New US Ambassador
Expectations High on Envoy Who Speaks Korean Like Koreans
Multiple modifiers of ``the first" can be placed before the U.S. ambassador, Kathleen Stephens, who arrived in Seoul this week.
Ambassador Stephens is the first female mission chief representing the U.S. government in Korea. She may also be the first top American envoy to have started her diplomatic service in Korea; has a son with a Korean ex-husband; and taught at Korean high schools.
Most of all, no other U.S. ambassadors would have had a Korean name 33 years ago, all of which indicates the deep knowledge and affection Amb. Stephens, or Shim Eun-kyung, has for this country.
No wonder many people on both sides of the Pacific expect she would play a vital role in bridging the two traditional allies at a time when they need to cooperate more closely to jointly tackle regional and global problems, be they North Korea's denuclearization or the ongoing financial turmoil.
When the national interests of Amb. Stephens' motherland and a second home clash, she will undoubtedly act in the way a U.S. official is supposed to do. This may be a little far-fetched but one can interpret it in the same context that the delay in her confirmation at the Congress was reportedly due to her less than unequivocal commitment to wresting with North Korean human right issues while here.
Likewise, in a news conference at her arrival airport, Stephens showed an understanding of the candlelight vigil as a ``sign of democracy's development in Korea." She did not forget, however, to quickly add that her role is to have more Koreans consume safe U.S. beef without concerns.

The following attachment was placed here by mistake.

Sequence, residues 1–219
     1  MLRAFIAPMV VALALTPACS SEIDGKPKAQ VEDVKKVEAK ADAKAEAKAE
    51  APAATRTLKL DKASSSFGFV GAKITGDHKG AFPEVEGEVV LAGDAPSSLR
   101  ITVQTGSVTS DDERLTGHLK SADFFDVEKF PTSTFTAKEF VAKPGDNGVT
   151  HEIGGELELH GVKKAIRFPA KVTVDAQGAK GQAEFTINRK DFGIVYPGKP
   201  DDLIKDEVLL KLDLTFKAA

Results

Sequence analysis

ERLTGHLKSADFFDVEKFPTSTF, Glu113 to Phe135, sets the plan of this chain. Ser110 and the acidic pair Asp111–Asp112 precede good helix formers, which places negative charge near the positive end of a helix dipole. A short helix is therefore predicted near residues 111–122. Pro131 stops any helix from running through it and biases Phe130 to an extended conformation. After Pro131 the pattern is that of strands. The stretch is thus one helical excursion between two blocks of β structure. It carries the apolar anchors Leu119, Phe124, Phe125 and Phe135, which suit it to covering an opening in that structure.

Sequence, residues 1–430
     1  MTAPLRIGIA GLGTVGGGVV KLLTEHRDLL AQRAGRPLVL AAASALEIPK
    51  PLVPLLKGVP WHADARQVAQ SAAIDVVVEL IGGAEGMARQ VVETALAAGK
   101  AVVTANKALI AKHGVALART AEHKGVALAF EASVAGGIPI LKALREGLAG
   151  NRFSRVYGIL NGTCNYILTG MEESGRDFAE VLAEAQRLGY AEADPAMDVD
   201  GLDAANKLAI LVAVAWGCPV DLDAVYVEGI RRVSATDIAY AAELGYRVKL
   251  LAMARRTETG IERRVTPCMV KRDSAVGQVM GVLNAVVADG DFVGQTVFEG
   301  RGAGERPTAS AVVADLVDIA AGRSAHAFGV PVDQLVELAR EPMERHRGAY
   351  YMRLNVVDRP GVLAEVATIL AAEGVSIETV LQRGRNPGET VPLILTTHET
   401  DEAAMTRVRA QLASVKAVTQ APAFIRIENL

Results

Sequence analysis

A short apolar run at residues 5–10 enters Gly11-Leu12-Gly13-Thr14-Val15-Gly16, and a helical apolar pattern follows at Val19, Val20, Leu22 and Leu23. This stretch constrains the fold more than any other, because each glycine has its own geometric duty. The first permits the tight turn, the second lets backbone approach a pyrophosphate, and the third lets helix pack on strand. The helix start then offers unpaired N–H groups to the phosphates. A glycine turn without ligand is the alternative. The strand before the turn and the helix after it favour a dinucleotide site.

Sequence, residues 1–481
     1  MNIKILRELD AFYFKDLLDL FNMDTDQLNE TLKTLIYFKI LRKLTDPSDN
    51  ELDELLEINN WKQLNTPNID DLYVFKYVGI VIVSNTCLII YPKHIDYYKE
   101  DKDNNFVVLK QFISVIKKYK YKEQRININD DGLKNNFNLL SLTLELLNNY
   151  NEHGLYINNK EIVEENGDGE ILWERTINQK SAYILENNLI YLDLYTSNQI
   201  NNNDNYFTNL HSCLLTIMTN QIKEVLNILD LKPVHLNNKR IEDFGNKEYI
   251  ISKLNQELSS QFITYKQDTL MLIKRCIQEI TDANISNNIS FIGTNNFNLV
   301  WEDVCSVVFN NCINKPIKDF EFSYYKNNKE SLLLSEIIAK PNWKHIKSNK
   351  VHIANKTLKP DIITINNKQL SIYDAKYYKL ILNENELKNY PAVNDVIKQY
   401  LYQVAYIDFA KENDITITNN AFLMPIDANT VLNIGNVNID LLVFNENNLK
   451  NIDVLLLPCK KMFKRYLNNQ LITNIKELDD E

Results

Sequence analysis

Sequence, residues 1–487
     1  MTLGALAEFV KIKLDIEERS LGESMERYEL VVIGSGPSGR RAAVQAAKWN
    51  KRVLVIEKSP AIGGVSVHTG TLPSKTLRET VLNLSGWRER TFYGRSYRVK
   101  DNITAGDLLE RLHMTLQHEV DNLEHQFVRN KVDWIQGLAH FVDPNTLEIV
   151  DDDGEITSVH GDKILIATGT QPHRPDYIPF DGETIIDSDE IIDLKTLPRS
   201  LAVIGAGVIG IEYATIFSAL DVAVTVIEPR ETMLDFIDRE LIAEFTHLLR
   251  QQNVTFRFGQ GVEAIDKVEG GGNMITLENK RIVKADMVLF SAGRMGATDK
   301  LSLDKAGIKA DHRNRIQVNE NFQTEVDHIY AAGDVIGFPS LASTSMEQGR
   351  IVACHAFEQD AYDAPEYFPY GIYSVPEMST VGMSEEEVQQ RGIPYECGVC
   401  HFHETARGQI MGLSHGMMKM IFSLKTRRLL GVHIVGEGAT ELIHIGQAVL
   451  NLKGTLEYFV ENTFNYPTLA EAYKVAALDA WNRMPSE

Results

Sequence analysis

It does not take diplomatic expertise to know the relationship between Korea and the United States over the past decade has been not so smooth, particularly from the viewpoint of Washington. And the change, which came as a reaction to rather unequal bilateral statuses during the preceding decades, mostly took place while Amb. Stephens was away from Korea, which we hope would not hinder her correct understanding of Korea today.
This is also why the new ambassador's pledge to mainly ``listen to the voices of the Korean government and the people" is all the more reassuring.
Some within the U.S. establishment reportedly expressed concerns about what they was as her ``light-weightedness" as a top diplomat here to handle many problems expected to crop up during a transition of bilateral relationship. Similar concerns were expressed by domestic diplomatic watchers, too, about Washington's long list of demands in military and economic cooperation, capitalizing on the inauguration of a strongly pro-U.S. administration here.
Whether Amb. Stephens will be leaving Korea after serving her full term and leaving a successful stint behind is important for the two countries. Both governments are also advised to cooperate to turn this into a reality.
So fight it out and good luck, Ms. Shim.